Hump Day Horror — Double Shot

This special (belated) Hump Day Horror edition is a double shot of goretastic flavorfulness. Half Indie, Half Mainstream. A mix of your two favorite flavors: bloody and terrifying.

bloody and terrifying.. deliciously terrifying...


So let’s take this double shot straight to the head!

Hump Day Horror

Double Shot



Directed  and Written by Perry Teo; Co-Written by Stephanie Joyce

Starring Layton Matthews as Morbius; Chad Grimes as Travis; Santiago Craig as Hagen; Zelieann Rivera as Elizabeth; Zach Cumer as Thomas; and Nathan Ginn as Mr. Skinny

For an indie film, this one isn’t bad. Fans of the genre will immediately notice a striking similarity to Clive Barker’s Hellraiser in visuals and atmosphere. The premise is interesting: a Ouija board carved into flesh has the ability to open a doorway to Hell, offering a grieving man a chance to recover his lover… and that’s where the cover description ends and after about 45 minutes you realize the movie isn’t exactly all Dante’s Inferno (the game, not the poem). There is far more back story involved, and it isn’t until you reach about the hour mark that you realize the story is being told entirely backwards (alá Irréversible) and that’s when you start catching on to what’s really happening. A disgusting man is searching for his lover; a lost and still living soul seeks his brother; and a … well, that’s supposed to be the surprise part of the end, so I won’t ruin that.

But suffice it to say, the movie overall is good enough for a single-viewing, maybe even a second to understand it better, but I can’t see this film really standing the test of time. I think there was a lot left unsaid that could have really helped the film go past that line, but that’s the burden of the indie film. Low budget done well can be really good, but rare is the low budget film that will last a lifetime.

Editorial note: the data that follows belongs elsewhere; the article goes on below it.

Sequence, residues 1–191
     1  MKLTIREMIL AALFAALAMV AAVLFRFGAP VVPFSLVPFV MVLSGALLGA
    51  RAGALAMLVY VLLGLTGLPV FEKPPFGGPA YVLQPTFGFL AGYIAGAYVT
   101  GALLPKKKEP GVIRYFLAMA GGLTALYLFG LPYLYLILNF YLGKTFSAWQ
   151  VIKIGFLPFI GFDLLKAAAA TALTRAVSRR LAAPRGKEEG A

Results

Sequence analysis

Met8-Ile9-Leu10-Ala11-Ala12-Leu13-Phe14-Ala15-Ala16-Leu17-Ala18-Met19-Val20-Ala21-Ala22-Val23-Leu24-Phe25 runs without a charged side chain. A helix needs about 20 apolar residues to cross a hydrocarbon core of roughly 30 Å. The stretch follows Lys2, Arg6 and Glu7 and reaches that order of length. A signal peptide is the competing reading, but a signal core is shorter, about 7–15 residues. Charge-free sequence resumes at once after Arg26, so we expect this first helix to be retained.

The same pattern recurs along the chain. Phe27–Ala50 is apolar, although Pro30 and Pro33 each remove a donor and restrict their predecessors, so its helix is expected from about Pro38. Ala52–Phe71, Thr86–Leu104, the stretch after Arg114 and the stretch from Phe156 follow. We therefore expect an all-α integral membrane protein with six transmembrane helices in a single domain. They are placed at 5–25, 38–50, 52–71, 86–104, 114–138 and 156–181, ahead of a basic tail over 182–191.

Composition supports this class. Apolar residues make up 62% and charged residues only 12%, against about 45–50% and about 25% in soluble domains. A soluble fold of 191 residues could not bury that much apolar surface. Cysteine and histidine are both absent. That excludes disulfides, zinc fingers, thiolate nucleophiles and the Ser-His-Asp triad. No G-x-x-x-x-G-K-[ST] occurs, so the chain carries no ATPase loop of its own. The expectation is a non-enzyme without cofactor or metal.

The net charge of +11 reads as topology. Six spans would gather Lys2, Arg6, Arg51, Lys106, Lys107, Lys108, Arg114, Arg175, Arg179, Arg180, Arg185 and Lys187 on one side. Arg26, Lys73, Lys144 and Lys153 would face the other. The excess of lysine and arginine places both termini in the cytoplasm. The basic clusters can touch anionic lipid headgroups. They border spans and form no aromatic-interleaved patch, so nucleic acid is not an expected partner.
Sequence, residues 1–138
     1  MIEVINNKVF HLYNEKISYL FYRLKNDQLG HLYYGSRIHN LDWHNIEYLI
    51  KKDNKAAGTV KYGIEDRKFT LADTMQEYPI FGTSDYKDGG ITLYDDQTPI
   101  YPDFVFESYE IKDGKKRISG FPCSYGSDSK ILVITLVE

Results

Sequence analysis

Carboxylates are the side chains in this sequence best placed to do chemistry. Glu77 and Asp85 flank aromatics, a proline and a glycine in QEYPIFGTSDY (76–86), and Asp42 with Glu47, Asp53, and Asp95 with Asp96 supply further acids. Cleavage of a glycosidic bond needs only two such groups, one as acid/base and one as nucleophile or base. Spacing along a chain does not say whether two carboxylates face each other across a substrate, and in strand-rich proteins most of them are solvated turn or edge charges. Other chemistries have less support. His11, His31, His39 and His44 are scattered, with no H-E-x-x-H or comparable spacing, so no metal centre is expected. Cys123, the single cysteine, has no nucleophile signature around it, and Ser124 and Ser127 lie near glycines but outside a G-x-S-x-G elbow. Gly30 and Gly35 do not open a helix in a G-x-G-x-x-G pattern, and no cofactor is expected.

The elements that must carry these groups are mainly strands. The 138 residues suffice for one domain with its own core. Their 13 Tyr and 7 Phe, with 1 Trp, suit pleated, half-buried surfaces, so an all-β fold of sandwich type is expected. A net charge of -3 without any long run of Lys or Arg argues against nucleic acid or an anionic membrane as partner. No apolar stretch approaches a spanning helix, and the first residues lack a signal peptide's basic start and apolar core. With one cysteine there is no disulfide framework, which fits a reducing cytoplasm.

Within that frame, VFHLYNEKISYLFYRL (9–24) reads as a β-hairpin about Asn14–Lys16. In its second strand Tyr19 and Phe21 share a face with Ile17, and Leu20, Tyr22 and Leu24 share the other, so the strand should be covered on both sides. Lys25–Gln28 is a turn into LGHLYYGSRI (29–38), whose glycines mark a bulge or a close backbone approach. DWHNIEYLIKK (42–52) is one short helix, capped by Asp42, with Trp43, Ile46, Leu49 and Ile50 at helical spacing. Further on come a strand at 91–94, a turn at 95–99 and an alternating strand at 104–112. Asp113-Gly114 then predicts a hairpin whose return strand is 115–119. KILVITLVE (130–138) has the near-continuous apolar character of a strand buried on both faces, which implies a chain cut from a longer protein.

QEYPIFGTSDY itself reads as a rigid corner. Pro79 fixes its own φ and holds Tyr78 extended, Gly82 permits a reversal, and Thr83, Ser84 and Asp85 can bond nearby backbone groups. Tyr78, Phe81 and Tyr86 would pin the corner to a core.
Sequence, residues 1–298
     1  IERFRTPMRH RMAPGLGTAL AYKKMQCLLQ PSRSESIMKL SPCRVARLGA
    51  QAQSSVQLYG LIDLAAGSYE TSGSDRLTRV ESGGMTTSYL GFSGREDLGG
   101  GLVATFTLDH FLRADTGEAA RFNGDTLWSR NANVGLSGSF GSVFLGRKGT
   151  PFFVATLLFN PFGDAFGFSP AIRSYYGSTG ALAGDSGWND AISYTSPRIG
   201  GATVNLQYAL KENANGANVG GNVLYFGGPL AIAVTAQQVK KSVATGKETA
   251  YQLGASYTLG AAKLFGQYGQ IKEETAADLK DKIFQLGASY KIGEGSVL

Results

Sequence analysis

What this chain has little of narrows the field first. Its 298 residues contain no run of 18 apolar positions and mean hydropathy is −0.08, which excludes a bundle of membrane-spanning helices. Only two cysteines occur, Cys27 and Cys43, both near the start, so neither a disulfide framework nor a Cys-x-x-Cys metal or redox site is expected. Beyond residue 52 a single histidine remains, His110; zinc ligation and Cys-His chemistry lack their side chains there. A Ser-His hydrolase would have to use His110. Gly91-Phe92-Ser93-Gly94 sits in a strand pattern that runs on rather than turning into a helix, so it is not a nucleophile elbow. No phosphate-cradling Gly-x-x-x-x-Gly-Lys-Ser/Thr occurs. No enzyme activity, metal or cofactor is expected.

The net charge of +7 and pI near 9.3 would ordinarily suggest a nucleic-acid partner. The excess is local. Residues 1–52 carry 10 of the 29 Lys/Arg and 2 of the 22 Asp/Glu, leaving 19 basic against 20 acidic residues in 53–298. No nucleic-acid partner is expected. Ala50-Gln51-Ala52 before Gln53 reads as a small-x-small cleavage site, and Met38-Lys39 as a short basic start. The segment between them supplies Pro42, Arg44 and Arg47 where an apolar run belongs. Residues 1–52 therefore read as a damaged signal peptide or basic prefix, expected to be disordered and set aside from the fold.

The best part of the film is a strange dream/hallucination (maybe more?) sequence where a dancing pig named Mr. Skinny manipulates a mentally disabled teenager. The insane song Mr. Skinny sings will definitely be an aspect that stands the test of time, as well as Chad Grimes’ performance as Travis, the living and lost soul searching for his brother. Be prepared for some intense and bloody torture scenes, some disgusting insinuations, and that crazy lullaby. Good job on the song, Mr. Teo. Really good job.


My Soul To Take

Directed by Wes Craven

Starring Max Thieriot as Adam “Bug” Hellerman; John Magaro as Alex; Denzel Whitaker as Jerome; Zena Grey as Penelope; Nick Lashaway as Brandon; Paulina Olszynski as Brittany; Jeremy Chu as Jay; Emily Meade as Fang; and Raul Esparza as Abel

For a mainstream teenage pop horror flick, this one isn’t bad, either. Craven is certainly showing that he hasn’t lost his skills. The film is filled with tension from beginning to nearly-end. Unfortunately, for the experienced movie-goer (and plot-writer), the ending is fairly easy to spot, but it’s not too hard to suspend your instinct to keep enjoying the movie anyway. The best part is in the beginning, when the original Riverton Ripper is acting out his .. possession? mental illness? hallucinations? Something like that. Either way, it’s a pretty good scene and well-acted by Raul Esparza. Later in the film, “Bug” has similar scenes and Max Thieriot does the scenes justice as well.

The movie is fairly straightforward. The idea is that there was once this bad guy who swore he’d be back for revenge, and 16 years later to the day, the day turns bloody. Seven kids born that night, one of whom has inherited the soul of the murderer, and no one can be quite sure who it really is. There’s an interesting sub-plot that could have been better developed. Another member of this “group,” Emily Meade as Fang, is revealed to be a crucial character only near the end, and you wonder how she ended up as the school’s female Godfather, running the “Mean Girls + One Idiot Jock Mafia.” Aside from the main character, Fang is the next most interesting character and could have used more development, but it is understandable. There’s only 2 hours and how much can Craven really fit in?

At the very least, the film isn’t Craven’s attempt at a “Jennifer’s Body” type of teenager flick, with some hot girls titillating the movie audience. It’s a sound film with a solid plot that might be obvious at times, but is enjoyable in the end. It’s also not a movie likely to last a lifetime, but it is a fun watch on a stormy spring evening. You might even jump at the shadows when it’s over. Maybe.


For a second opinion on Necromentia, try this review at QuietEarth and for another on My Soul To Take, try RottenTomatoes.

Final Tally
Necromentia     Three Bloody Hearts
       My Soul To Take     Three and a Half Bloody Hearts

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